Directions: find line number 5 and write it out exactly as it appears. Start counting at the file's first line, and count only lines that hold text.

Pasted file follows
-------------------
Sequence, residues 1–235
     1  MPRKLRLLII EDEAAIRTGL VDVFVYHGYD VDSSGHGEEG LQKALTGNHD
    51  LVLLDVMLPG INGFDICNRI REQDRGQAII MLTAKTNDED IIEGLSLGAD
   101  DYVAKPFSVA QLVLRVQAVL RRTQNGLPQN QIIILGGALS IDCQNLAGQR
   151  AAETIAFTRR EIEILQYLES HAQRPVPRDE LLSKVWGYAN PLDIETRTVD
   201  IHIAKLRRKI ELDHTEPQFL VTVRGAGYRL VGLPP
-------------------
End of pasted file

   151  AAETIAFTRR EIEILQYLES HAQRPVPRDE LLSKVWGYAN PLDIETRTVD